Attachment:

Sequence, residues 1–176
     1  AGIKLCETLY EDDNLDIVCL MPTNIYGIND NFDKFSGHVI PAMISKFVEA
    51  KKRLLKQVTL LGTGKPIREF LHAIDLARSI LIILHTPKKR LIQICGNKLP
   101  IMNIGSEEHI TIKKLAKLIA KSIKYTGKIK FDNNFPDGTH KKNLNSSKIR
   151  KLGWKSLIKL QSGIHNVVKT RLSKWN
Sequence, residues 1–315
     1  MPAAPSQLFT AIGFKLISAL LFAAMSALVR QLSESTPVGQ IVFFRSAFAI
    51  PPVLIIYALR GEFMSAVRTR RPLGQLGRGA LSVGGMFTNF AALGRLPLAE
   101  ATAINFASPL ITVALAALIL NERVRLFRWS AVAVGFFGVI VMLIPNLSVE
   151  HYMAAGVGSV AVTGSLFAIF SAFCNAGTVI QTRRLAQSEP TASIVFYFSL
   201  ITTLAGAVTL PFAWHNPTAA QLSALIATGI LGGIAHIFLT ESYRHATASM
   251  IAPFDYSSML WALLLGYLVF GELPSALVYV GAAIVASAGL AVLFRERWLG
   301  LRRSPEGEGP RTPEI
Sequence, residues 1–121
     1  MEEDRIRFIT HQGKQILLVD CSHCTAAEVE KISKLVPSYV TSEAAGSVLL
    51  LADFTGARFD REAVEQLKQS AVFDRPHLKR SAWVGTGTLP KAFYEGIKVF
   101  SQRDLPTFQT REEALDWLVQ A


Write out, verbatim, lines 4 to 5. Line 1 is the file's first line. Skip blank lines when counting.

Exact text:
   101  IMNIGSEEHI TIKKLAKLIA KSIKYTGKIK FDNNFPDGTH KKNLNSSKIR
   151  KLGWKSLIKL QSGIHNVVKT RLSKWN